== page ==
Presidential candidate Pete Buttigieg campaigns with Mayor Quentin Hart in Waterloo, Iowa on Saturday. Photo by Sam Cabral/Medill News Service
WATERLOO, Iowa, Feb. 7 (UPI) -- Before the results of the Iowa caucuses trickled in, one of the main concerns for the campaign of former South Bend, Ind., Mayor Pete Buttigieg was his lack of support from minority voters.
Buttigieg hoped to repair that with the support of Waterloo's African-American mayor, Quentin Hart.
However, as Buttigieg hopes to carry momentum from Iowa to New Hampshire, his support from minority voters remains low, indicated by his lackluster performance in Waterloo, the most ethnically diverse city in Iowa.
Buttigieg finished a distant second in Waterloo to Vermont Sen. Bernie Sanders in all three sets of results released by the Iowa Democratic Party. He also failed to reach the 15 percent viability threshold in 10 out of 30 caucus locations around the city, including all six precincts of Ward 4, home to the most diverse and least affluent neighborhoods.
On Saturday, 48 hours before the caucus, Buttigieg expressed confidence he could win in places like Waterloo.
"It's a city that reminds me a lot of home," he said after a town hall in which he made his final pitch to about 500 voters in a packed ballroom.
"I'm from a racially diverse, industrial, river city here in the Midwest," Buttigieg said. "It lines up with the story of my own community and is part of what I envision as the future of the middle of the country -- being diverse, forward-looking and empowered."
Waterloo is not much different from South Bend, the city that Buttigieg says he has helped turn around. Waterloo is a city of 70,000 that resides on the Cedar River, while South Bend has a population of 100,000 living on the banks of the St. Joseph River. Much like South Bend, Waterloo is home to a large African-American population, about 16 percent of residents, as well as Hispanic, Bosnian and Congolese immigrants.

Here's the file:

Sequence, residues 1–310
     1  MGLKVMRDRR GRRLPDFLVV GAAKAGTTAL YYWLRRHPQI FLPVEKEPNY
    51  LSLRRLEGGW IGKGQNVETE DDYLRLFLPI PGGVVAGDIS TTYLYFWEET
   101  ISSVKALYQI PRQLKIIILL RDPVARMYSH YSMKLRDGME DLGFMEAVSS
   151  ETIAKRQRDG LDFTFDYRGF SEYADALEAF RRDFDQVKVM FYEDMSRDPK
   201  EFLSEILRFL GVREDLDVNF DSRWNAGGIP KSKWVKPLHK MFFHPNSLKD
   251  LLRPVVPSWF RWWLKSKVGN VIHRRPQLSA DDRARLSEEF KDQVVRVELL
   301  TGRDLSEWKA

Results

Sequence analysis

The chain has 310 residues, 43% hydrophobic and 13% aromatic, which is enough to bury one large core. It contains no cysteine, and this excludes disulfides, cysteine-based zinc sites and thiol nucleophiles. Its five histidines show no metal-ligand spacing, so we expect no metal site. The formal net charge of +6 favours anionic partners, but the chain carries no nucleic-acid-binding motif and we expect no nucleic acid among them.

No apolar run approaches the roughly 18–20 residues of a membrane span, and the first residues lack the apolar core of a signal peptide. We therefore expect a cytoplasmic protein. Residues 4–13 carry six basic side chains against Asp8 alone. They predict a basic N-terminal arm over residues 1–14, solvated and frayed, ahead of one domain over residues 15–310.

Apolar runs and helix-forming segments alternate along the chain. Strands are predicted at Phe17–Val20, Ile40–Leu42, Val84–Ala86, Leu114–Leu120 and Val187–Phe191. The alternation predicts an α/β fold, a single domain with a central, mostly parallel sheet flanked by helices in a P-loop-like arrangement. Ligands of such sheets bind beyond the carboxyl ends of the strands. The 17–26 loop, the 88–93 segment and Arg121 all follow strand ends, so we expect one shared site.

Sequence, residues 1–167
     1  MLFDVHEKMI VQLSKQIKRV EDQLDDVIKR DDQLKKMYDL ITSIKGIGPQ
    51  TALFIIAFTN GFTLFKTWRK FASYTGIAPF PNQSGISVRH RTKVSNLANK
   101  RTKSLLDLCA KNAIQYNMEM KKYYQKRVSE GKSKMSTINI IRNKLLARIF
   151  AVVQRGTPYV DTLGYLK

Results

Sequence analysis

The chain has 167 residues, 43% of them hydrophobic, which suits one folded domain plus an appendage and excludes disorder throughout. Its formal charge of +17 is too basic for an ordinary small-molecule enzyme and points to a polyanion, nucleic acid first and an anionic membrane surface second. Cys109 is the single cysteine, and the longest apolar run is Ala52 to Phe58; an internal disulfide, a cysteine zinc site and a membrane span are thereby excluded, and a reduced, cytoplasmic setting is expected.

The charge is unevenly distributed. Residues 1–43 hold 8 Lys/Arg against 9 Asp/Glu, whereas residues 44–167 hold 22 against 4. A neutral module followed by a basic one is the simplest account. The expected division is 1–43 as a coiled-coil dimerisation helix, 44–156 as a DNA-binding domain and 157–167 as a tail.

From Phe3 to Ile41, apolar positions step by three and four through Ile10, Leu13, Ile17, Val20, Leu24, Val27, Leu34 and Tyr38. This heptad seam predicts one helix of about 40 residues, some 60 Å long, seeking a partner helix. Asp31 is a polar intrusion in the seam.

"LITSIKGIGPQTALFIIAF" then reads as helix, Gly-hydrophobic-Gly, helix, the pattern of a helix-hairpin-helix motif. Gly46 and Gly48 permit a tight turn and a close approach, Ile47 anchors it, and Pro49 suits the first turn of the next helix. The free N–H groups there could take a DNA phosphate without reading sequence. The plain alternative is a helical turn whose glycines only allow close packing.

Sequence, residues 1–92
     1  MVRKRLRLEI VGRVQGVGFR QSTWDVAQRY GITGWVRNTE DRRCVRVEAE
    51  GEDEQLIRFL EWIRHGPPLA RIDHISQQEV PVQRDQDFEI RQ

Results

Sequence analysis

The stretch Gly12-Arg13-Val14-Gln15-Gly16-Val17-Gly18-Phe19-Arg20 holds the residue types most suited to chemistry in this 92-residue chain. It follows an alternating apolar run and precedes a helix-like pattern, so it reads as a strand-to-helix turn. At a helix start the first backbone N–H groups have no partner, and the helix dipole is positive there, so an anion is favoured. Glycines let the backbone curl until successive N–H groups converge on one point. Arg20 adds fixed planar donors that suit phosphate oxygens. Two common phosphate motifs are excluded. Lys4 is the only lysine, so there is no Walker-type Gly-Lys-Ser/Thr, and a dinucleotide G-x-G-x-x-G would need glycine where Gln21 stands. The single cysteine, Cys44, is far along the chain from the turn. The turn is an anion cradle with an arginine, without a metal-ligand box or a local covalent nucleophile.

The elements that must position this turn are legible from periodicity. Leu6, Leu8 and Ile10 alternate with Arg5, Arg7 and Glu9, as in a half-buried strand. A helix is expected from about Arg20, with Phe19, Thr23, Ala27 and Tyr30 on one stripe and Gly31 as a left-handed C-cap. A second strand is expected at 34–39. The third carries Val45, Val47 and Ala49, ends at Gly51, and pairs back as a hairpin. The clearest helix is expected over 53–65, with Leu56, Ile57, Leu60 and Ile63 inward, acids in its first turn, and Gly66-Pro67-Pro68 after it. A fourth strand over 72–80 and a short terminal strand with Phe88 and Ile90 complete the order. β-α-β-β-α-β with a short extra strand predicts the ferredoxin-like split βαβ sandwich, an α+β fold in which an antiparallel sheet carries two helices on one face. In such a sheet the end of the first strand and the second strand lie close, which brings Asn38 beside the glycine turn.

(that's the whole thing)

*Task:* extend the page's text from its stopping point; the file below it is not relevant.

It has also endured many years of high unemployment and poverty rates, after large manufacturers like John Deere left the city in droves in the 1980s.
"There were a lot of thriving businesses. We were considered Factory City," said Hart, who recently endorsed Buttigieg and appeared with him at the Saturday town hall.
Hart is Waterloo's first African-American mayor and only the third in the history of the state. He has expressed strong support for the Douglass Plan for black Americans, a series of economic policy proposals by the Buttigieg campaign. He believes Buttigieg is committed to empowering minority Americans and has been evaluated unfairly compared with other candidates.
"I urgently believe that if we're going to give a litmus test on a particular area for one candidate, then we need to ask every candidate some of those same questions, so we can hear what they're going to do. What's your vision for black America?" said Hart.
"The real story is he inherited a community that had challenges prior to him getting there, just like I did. Mayors can't run from those problems. We have to run to them, and that's what I've seen him doing while he was there."
Buttigieg often touts the "turnaround" of South Bend under his leadership as a strong indicator of his executive-level experience. But the resume proved insufficient on Monday, particularly in Ward 4, where he received no delegates at all.
"This is the diverse coalition of my neighbors who came out in Waterloo Ward 4 Precinct 5 to support Bernie Sanders," tweeted Chris Schwartz, a Black Hawk County supervisor and a state co-chairman for the Sanders campaign, attaching a photo of Sanders supporters.
In a sign of his steady support from minority voters, former Vice President Joe Biden won four out of the six precincts in Ward 4, with Sanders winning the other two. Massachusetts Sen. Elizabeth Warren and entrepreneur Andrew Yang also passed the viability threshold in at least one precinct in Ward 4.
Waterloo has consistently voted in favor of the Democratic Party in general elections. But the city has an added distinction: Its caucus results have predicted the eventual Democratic nominee in the past five election cycles. In 2016, Hillary Clinton picked up Waterloo on her way to the nomination, even though she lost the county to Sanders.
2020 Democratic presidential candidates, from left to right, Tom Steyer, Sen. Elizabeth Warren, former Vice President Joe Biden, Sen. Bernie Sanders, former Mayor Pete Buttigieg and Sen. Amy Klobuchar gather onstage for a debate
in Des Moines, Iowa, on January 14. Photo by Mike Theiler/UPI | License Photo